04.29.2016 Flashback Friday Flora

I remember finding this Round-leaved Yellow Violet (Viola rotundifolia) while photographing yellow trout lilies, aka dogtooth violets, in a local ditch.  Doesn’t seem that long ago, but it turns out to be 7 years.

Round-leaved-Yellow-Violet,042909-960Times does pass quickly.  Yesterday was  our 32nd anniversary.  Although it does seem like we’ve been married a while now, 32 years does amaze.  Still not quite half our lives have been together, but it will be soon.

About Steve Gingold

I am a Nature Photographer with interests in all things related. Water, flowers, insects and fungi are my main interests but I am happy to photograph wildlife and landscapes and all other of Nature's subjects.
This entry was posted in Closeup Photography, Flora, macro photography, Nature Photography, Wildflowers and tagged , , , , , , , , , , . Bookmark the permalink.

15 Responses to 04.29.2016 Flashback Friday Flora

  1. This so beautiful. I like the yellow colored flowers very much.

    Happy anniversary. You are both fortunate to have found each other.

    Liked by 1 person

    • Plus, you have to like a flower with the name “dogtooth”. 🙂

      Thanks, Yvonne. I think I got the better of the deal, but I’m not her consolation prize either. We are well-suited and have never had a real argument…a few earnest discussions, but no knock down drag outs. 🙂

      Liked by 1 person

  2. Gallivanta says:

    Happy Anniversary. May there be many more, and lovely photos to accompany each one. 🙂

    Liked by 1 person

  3. TK says:

    Happy Anniversary! Congratulations!

    Liked by 1 person

  4. shoreacres says:

    What a beautiful violet. It always tickles me when I come across a photo of a flower with a name that sounds like an oxymoron: “yellow violet,” “yellow wild indigo.” In the case of the violet, at least, I found the color name was derived from one species, so that explains that.

    I also found this tidbit, from GoBotany:

    “Like many herbaceous plants of the eastern forests, round-leaved violet is dispersed by ants. The non-native invasive fire ant (Solenopsis invicta), which is spreading across the United States, also forages for ant-dispersed seeds. Experiments showed that when it collects seeds of round-leaved violet, 86% of them are destroyed in the process, far more than are destroyed when native ants collected them. In addition, fire ants were more likely to discard the seeds in sites unfavorable to germination.”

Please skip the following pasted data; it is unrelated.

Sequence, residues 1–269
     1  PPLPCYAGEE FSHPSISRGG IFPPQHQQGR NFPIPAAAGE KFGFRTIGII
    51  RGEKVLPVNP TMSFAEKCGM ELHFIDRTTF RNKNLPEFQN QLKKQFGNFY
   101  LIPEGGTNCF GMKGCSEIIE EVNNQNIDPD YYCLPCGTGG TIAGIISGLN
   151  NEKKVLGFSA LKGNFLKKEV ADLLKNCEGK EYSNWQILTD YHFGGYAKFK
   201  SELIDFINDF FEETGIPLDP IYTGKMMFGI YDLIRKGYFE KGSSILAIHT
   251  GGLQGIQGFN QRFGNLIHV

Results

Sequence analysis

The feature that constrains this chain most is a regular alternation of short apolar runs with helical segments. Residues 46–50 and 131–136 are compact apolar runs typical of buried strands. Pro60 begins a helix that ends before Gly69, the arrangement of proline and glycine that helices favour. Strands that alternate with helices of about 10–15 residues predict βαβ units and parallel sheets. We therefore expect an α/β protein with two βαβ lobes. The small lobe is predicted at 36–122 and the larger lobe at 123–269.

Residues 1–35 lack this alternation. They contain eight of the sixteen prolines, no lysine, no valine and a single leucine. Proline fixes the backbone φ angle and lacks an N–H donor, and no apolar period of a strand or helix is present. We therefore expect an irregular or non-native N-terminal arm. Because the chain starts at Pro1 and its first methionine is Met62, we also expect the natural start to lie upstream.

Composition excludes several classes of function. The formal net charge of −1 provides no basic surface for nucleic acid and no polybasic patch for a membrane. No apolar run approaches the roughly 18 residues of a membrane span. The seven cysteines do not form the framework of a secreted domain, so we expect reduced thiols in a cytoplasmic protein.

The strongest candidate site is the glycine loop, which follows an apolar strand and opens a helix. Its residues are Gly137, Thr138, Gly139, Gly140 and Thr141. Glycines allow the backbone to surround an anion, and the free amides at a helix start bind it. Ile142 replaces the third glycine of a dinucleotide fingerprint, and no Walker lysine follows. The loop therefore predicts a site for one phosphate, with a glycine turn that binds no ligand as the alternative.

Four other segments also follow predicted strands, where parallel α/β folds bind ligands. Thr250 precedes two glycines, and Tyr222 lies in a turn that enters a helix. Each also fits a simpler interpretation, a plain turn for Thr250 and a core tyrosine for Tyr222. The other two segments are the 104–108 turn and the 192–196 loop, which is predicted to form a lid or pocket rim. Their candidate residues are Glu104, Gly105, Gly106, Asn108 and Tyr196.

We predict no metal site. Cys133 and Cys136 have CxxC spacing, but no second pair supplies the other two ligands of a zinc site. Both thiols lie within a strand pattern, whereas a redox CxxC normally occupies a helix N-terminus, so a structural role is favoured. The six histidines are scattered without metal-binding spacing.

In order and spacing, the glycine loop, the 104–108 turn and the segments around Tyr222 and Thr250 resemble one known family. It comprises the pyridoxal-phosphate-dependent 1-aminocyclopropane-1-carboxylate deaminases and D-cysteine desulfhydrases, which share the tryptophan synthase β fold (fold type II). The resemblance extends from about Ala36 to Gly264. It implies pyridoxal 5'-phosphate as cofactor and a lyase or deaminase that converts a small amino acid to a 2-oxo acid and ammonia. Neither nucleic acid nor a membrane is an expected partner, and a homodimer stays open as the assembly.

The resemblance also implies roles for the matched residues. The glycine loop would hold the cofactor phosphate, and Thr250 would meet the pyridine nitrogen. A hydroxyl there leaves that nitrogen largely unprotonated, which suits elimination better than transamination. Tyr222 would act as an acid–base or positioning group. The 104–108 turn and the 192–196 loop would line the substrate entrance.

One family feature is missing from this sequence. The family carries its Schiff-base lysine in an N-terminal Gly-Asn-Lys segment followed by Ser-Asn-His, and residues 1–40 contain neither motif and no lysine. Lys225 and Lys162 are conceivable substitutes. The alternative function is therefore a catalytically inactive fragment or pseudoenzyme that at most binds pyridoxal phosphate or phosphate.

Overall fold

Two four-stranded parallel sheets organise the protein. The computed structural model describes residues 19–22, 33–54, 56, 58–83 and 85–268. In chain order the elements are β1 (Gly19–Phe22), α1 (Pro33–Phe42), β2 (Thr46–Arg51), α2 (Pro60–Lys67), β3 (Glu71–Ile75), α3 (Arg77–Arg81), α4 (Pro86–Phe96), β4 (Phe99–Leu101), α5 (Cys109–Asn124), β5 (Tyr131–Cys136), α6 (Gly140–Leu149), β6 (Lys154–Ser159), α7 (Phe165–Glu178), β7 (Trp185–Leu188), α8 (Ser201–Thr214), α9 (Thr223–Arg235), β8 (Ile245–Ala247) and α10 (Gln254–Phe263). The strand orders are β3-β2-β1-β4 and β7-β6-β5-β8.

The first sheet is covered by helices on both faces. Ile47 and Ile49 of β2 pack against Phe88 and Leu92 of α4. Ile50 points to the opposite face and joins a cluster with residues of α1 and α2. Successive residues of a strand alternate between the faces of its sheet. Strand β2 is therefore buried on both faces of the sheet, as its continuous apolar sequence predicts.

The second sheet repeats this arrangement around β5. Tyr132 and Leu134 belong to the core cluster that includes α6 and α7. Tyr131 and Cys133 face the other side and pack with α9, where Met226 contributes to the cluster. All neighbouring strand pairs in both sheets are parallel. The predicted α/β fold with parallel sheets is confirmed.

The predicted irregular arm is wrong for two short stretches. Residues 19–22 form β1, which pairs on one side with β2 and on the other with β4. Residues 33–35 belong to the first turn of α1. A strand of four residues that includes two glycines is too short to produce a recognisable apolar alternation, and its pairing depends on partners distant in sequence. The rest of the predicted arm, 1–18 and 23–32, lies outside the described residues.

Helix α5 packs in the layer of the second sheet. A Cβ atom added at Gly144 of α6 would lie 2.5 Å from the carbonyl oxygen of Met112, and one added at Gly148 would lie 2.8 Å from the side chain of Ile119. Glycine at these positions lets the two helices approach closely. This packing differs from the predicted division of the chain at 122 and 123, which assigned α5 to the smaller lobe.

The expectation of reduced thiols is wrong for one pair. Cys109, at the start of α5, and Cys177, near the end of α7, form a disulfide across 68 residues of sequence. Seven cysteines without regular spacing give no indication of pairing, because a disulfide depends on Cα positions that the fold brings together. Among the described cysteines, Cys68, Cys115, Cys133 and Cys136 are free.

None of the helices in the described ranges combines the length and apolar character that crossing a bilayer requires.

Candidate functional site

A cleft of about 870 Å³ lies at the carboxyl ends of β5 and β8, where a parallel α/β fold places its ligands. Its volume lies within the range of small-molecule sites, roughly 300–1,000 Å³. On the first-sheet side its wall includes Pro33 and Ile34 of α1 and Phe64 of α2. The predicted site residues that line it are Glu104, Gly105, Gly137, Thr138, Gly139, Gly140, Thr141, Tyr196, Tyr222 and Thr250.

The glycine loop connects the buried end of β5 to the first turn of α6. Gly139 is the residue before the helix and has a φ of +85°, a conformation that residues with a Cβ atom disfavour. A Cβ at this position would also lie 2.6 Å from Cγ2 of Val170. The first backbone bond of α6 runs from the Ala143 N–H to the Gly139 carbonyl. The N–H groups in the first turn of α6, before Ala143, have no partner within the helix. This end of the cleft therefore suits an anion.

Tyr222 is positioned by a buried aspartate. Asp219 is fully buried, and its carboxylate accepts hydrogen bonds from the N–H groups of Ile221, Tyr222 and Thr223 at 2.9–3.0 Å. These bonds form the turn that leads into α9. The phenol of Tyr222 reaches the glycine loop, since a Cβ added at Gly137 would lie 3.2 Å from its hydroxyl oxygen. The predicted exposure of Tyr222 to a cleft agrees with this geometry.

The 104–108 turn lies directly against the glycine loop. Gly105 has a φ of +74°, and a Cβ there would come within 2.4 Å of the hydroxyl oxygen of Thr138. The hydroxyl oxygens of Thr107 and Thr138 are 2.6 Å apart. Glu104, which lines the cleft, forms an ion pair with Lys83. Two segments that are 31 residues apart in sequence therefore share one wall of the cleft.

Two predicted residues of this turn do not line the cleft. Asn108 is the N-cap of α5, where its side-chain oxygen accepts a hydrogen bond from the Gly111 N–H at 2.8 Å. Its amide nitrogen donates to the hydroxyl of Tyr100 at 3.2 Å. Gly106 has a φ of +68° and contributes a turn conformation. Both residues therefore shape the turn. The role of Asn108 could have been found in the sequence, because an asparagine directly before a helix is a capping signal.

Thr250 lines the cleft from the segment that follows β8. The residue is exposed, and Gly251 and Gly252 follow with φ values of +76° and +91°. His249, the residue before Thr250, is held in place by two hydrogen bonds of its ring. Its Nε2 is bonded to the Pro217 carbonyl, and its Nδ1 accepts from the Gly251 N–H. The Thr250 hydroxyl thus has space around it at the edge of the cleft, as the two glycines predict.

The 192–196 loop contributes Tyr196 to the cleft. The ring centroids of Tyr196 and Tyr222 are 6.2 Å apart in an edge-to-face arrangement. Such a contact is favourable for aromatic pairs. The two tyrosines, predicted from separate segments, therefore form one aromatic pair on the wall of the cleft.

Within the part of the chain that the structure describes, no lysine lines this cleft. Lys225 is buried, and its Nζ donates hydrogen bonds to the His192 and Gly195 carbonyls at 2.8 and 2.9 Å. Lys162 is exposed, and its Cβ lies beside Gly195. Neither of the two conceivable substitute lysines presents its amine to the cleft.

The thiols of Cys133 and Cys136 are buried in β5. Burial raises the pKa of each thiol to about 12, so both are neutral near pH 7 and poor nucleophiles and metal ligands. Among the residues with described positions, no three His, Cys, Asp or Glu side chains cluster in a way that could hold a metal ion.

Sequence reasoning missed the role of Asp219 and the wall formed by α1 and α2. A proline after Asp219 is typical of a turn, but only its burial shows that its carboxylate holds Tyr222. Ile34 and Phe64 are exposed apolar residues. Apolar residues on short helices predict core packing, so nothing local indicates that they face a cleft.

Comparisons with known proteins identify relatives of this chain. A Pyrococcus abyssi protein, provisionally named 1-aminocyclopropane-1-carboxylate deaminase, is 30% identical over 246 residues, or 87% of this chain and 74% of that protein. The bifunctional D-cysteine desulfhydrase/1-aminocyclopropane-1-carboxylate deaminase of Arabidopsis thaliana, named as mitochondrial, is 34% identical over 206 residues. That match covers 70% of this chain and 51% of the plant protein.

Yet another reason to dislike fire ants: as if one were needed.

    A happy anniversary to you. I hope we’re all around to celebrate your 50th! (What a thought that is!)

    Liked by 1 person

    • shoreacres says:

      I’ve been meaning to ask — have you ever been to Robert Francis’s house? Do you know it? Do you have any photos of it? When I saw that he’d lived near Amherst for over 60 years, I just wondered.


      • I haven’t and, until you mentioned him, have been unaware of his poetry or the house. But I do know the address and location and will do my best to get a picture or two. I’ve driven by it countless times in total ignorance.


    • And, of course, there is the rose…red as a rose, they say, but there are yellow roses, green roses, black roses, white roses.

      Go Botany, as you may have noticed, is a website of the New England Wildflower Society and my go to for native plant information. I think I may have read about the fire ant/violet relationship but most likely forgot because it just seemed vaguely familiar. How everything works together ecologically is way beyond what we can dream up or create.
      I’been lucky to not run into fire ants very often. Never sat on a hill but have occasionally had one or two go for a walk up my leg.

      Thanks, Linda. Our 50th would make me 86 and Mary Beth 83. It’s possible. I have always thought I’d make it to at least 85 and Mary Beth takes excellent care of herself so despite the MS I can see her outlasting me.


  5. 32 is 2 to the 5th power, so more power to the 2 of you. Eve and I are a bit more than three years behind you young folks. At the same time, you’re not too young for the experience of something turning out to have taken place longer ago than it seems.


  6. shoreacres says:

    I’ve been looking through Francis’s poems, and this one made me think of your photos. He clearly was looking at some of the same landscape as you.

    Winter uses all the blues there are.
    One shade of blue for water, one for ice,
    Another blue for shadows over snow.
    The clear or cloudy sky uses blue twice-
    Both different blues. And hills, row after row,
    Are colored blue according to how far.
    You know the bluejay’s double-blur device
    Shows best when there are no green leaves to show.
    And Sirius is a winterbluegreen star.

    Liked by 1 person

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